Transcript: Intuitive Intelligence’s CEO Neha Sangwan discusses The Communication Cure at TEDxBerkeley

Listen, I had great security and stability with a partnership, and a paycheck. Okay, people paid me to take care of them after everything had happened. Would anyone pay me to do what I loved?

So I began numbing out my own symptoms. I had a perfected equation to get me through my hospital shifts. It was two ice-cold 16 oz Mountain Dews, plus a kings size Snickers bar, and I could get through any shift you gave me.

So I heard some laughter out there, and I want to know, I think that’s coming from the students, because you know what it takes to get you through the finals’ week. So you have your own equation, and I want you to think about what that is. You know this is not going to end well, right?

So, here I am, I burned out, I was on medical leave, June 17, 2004. And I had to ask myself the questions that I had so often asked other people: “Neha, why you? Why burnout, and why now? What message had it come to give you?” The answers didn’t come right away for me. I checked it out with some colleagues, to see if they had ever experienced something like this.

I then began to listen to my mind and my body and I started journaling. And what I read on those pages scared me to death. I didn’t just want to help people before they ended up in the hospital. I wanted to create self-care and healthcare. I wanted to help heal the healers. I wanted to become a master in communication and even combine it with my knowledge of health and I wanted to use that to go and bridge nations — that scared me.

So you can imagine when the call came from Jim Gordon to go to Saudi Arabia, that all of those experiences are what gave me the courage to say yes.

So I’d like to share just a few of those stories while I was there, and I got emotional a little earlier so I’m going to flip through two slides here, and bring you up-to-date.

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I landed in Saudi Arabia, and I gave my talk. I gave my talk for Jim Gordon on “Unstuck in Depression.” And it was fantastic. They were gracious and they asked the questions that the Saudi physician asked.

And then, there was a second scheduled talk, which was Clear Direct Communication for the women. I walked in and I saw 200 sets of eyes looking back at me. It was like a sea of black, accented with designer handbags, and shoes. About an hour into my 2-hour-workshop I started hearing a familiar voice in my head, “You don’t know what you are talking about, everyone told you this wouldn’t translate cross-culturally. What are you doing?”

And in that moment I realized how much I depend on nonverbal communication in your facial expressions to know that I am connecting and engaging with you.

So I could have just road it out for the next hour, but I probably wouldn’t have given a very good talk, so I stopped and I said, “I wanted to check and see am I on track, is this useful to you?”

They erupted with, “Dr Sangwan, Dr Sangwan this is so important, we never learned this. Continue, please continue.”

So as I continued we had — I finally relaxed, and I probably started to enjoy it as much as they were. But the most important thing that I didn’t realize was how relevant this would be to my work back home. People in the same room, no body language, creating all sorts of miscommunication and judgments in their heads, but if they didn’t check out would become a big problem. A huge parallel.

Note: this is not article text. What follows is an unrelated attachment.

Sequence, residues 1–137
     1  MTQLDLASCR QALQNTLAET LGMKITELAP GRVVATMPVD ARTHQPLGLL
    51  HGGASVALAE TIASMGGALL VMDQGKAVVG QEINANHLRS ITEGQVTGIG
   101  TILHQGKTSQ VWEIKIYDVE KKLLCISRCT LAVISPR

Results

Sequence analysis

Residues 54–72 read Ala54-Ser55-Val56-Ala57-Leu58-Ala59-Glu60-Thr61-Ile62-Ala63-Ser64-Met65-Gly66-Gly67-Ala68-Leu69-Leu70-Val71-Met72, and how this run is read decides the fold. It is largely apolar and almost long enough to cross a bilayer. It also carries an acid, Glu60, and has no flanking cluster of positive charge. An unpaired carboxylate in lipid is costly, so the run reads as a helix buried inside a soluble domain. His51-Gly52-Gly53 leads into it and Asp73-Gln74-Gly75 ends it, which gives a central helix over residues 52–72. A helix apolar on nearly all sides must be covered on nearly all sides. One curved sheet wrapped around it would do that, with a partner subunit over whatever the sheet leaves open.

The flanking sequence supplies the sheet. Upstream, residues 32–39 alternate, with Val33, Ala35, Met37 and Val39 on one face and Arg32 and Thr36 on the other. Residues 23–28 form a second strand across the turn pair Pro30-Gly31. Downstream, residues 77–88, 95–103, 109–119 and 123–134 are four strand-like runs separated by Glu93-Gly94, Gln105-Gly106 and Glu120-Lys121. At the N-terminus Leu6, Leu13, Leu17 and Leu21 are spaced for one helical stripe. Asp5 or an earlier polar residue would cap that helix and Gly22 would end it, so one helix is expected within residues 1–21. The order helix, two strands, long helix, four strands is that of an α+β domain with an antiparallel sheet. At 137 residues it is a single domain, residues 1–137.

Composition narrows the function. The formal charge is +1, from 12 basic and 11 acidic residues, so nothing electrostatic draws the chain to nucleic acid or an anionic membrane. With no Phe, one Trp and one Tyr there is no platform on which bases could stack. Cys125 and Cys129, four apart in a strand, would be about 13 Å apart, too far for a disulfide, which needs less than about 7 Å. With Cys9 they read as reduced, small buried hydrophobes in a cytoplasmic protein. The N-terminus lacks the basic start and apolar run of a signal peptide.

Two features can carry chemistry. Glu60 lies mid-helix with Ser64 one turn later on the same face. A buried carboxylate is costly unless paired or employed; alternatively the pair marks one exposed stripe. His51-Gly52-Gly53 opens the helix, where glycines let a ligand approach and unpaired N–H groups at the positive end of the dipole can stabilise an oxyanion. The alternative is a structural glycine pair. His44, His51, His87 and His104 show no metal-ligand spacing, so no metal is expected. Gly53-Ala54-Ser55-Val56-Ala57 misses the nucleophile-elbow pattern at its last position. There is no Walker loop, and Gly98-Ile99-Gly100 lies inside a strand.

Another story that I’d like to tell you about, that had a huge impact on me, was my interaction with doctor Abdullah. He was the chairman of the conference. He asked me if he could consult me about something that was weighing heavy on his heart. “Neha, you remind me of my daughter, except you are very different than she is. You’re incredibly strong, you travel the world, and you speak at international conferences. I see you taking on challenges with ease. My daughter on the other hand, she is weak. Whenever she faces a challenge I know that she’s weak, because she cries. I’m only afraid, that she is not going to make it in the world. Is there any way that you can help her?”

I thought for a moment, I had known him for about seven days. So, I said, “Dr. Abdullah, what if I don’t think that this is about your daughter?”

“Well then, who would it be about?”, he asked.

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“Well, I’ve been in your country for seven days now, and I have watched you flawlessly orchestrate a conference of international scientists. I’ve spoken to your colleagues, and your patients, who speak incredibly highly of you. And I’ve even spent time with your family, they too revere you. I am curious if you love your daughter so much, that in the face of her tears, it’s one of the only times in the world, that you’re not in control?”

The longest 60 seconds of silence in my life, happened following that comment. And then he said very thoughtfully, “This is absolutely correct, thank you my friend. I have much to learn about communication.”

You know it’s interesting, I think as our society we are pretty biased against tears, cross culturally. That we have a lot of judgments about whether they make us weak, or it’s just showing emotion. There’s some recent medical research out now, that shows that tears are actually healing. William Frey out of Minnesota now reports that you can measure stress hormone in tears. And endorphins are actually released when you have a good cry. And endorphins are the feel-good hormones that you get after you exercise, so listen — cry away, you’re going to feel good.

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